The double doors automatically folded open, beckoning me to enter. I fumbled for my white coat that I had absentmindedly stuffed into my backpack, as I needed the “prop” of my coat to help me navigate through the day. There I was, approaching Pt number 1. I thought to myself, please don’t ask me if I can take away your meal tray as you’re done and not hungry and hate hospital food anyway.
I spoke with confidence, hello, how are you today Mr. Gray? I knew before he answered that the pain of the abdominal mass and swollen legs would not be a positive response. My gosh, I thought to myself, liver cancer lives and ravages him. I had seen the overnight events indicating his need for increasing doses of morphine. So, there I was, about to offer a service I knew nothing about … hospice.
As I look back upon my journey in medicine, I can now truly say that the excitement the walls of white provided me, those white-washed hospital walls, continue to weave a complexity that makes me realize I will always navigate in the gray through these walls.
Decades have passed since my first introduction to caring for the dying patient, humbling me to the truth that medicine may attract sharp minds, but will be humbled by the even keener challenge of various patient personalities. I have come to realize the interplay of the nursing staff, the nursing aides, and family members .. all critical and dynamic pieces with a common goal to treat each patient the best we can.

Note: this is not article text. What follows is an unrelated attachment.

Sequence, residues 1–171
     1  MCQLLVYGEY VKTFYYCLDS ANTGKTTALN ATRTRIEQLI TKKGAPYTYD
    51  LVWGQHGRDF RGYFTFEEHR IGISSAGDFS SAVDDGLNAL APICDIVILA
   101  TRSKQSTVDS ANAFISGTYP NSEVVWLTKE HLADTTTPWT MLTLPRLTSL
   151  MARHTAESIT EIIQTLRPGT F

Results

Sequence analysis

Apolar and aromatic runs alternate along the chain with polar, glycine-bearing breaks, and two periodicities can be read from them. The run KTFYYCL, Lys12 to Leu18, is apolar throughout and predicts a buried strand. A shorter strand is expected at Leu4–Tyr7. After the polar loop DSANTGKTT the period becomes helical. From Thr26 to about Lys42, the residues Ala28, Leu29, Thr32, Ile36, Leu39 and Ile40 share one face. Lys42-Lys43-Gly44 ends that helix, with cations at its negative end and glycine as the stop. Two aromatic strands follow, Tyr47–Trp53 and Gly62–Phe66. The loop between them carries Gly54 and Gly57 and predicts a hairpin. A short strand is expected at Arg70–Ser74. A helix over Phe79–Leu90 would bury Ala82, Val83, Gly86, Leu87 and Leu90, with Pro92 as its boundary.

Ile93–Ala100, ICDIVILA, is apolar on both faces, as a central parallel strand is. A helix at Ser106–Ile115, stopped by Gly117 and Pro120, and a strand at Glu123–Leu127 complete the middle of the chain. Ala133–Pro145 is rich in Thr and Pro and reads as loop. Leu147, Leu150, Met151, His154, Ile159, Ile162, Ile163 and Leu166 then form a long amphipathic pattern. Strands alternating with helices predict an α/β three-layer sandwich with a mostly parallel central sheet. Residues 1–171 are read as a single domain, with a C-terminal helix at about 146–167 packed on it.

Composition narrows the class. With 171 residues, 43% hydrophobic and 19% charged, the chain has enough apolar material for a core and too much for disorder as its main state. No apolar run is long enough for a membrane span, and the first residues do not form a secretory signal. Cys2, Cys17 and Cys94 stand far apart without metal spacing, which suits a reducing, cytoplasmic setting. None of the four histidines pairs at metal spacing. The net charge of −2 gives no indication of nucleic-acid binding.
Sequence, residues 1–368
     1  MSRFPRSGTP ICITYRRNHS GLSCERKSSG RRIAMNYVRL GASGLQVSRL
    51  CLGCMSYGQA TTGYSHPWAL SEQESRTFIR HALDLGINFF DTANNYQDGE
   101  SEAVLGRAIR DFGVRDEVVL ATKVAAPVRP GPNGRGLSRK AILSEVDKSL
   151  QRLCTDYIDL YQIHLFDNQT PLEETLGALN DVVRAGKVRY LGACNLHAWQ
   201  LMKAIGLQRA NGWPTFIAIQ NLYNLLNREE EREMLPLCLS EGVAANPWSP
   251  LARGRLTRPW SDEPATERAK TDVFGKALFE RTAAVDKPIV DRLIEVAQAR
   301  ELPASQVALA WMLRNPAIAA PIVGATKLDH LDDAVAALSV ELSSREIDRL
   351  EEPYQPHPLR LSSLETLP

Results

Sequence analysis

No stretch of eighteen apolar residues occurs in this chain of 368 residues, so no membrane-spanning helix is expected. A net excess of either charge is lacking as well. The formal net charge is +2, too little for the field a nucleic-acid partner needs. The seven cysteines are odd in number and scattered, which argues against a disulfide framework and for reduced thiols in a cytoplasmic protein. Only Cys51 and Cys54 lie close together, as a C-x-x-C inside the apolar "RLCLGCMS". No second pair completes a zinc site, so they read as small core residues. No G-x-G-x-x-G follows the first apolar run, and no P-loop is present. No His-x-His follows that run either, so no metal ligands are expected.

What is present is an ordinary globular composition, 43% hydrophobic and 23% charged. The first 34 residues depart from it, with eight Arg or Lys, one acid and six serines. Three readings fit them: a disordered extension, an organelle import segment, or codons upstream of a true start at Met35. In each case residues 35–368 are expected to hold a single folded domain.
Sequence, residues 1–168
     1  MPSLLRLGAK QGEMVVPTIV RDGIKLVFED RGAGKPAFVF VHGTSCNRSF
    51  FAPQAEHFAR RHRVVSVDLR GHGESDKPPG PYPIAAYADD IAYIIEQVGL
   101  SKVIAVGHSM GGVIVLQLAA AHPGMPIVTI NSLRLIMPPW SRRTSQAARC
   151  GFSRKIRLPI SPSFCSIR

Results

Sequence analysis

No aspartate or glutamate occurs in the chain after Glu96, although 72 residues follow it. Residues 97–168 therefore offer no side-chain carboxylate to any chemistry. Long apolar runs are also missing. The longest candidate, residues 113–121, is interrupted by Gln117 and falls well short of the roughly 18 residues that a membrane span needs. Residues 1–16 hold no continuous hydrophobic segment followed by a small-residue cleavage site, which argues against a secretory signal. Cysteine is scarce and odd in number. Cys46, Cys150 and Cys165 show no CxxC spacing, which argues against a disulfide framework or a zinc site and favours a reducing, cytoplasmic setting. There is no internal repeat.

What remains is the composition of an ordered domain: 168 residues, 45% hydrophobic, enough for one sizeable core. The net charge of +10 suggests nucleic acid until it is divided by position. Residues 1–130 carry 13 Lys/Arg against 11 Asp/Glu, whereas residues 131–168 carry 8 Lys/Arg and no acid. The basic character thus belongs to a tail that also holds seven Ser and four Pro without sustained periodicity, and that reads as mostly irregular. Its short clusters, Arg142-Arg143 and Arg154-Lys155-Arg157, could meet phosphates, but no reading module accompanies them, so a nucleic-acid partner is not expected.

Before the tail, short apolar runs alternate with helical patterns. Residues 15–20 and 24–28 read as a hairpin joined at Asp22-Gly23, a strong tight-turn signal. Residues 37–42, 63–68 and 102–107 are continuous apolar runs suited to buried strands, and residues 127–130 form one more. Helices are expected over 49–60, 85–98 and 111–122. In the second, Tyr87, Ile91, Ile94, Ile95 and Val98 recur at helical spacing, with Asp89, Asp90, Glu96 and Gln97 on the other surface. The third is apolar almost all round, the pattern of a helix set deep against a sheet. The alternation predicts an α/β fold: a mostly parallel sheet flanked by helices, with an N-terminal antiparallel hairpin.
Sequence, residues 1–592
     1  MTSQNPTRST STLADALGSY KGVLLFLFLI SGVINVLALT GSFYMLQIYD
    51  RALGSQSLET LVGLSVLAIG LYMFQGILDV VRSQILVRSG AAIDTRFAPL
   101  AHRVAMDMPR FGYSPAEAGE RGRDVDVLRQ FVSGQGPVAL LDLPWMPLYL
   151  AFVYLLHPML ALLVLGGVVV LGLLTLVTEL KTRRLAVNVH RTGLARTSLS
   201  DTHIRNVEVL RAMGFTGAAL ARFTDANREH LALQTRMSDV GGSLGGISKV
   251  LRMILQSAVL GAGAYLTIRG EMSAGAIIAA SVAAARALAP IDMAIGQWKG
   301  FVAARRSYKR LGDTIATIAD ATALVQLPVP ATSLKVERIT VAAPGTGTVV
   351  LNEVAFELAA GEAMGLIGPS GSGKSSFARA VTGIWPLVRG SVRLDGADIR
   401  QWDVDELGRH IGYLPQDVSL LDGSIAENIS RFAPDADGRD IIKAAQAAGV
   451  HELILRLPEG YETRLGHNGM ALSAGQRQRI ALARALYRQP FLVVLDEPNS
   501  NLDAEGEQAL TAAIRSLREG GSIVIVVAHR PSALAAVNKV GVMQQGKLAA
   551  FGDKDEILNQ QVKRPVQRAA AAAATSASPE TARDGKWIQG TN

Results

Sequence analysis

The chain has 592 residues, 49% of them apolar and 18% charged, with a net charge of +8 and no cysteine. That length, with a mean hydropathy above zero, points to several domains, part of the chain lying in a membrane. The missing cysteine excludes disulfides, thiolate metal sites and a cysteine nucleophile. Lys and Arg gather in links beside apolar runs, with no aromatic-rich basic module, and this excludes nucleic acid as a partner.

You see, there is no cookie cutter manual for the care of the hospitalized pt. Comfort lies in knowing that we can listen to the spoken and yet recognize the unspoken. Knowing what standard treatments prevail as first-line and optimal is just 1 facet of what’s touted as quality excellent care. The other part resides in our willingness and ability to recognize the needs of all patients, from all walks of life, and remain comfortable in practicing in the gray. …
Another issue in hospitals across the country, “VIP” designations is addressing our workplace conditions. This practice places nurses in an impossible position of moral distress, and the rationales supporting the practice are ethically bankrupt.
VIP notifications ask us to treat patients differently, either explicitly or implicitly, based on factors including personal connections to employees, socioeconomic status, and whether or not they have donated money to the hospital.
These VIP requests ask nurses to violate our code of ethics, which explicitly forbids giving preferential treatment based on non-clinical factors.
Our patients are perceptive and question us when they see special treatment in practice. The unstated message to staff, and our community is that the hospitals use a 2 tier system to determine care. This is unacceptable, and we must do better.
Instead of fast tracking care for the wealthy and socially connected, let’s improve our service so that no one is forced to wait for necessary care. In the meantime, we are asking that all patients needing care are treated the same. We used to be able to tell our community that we will treat their loved ones as we would treat our own. As it stands today, we cannot back up this promise.
It is time to abolish the practice of “VIP” special.
How do you feel about corporate management bringing in VIP clients into the hospital? Does your hospital deal with this issue too?…
Today we have a nursing shortage, but why? This brings us to the question, did our needs increase? Do we have fewer people going into the field? Or is more people leaving this industry? The answer is nurses are leaving. In fact, as we speak 2/3 of all medical employees, from doctors to nurses are looking to leave the medical field.
So this brings us to retention. What are we doing to retain the people that take care of us? Check back at our new post on whats happening on the frontline.…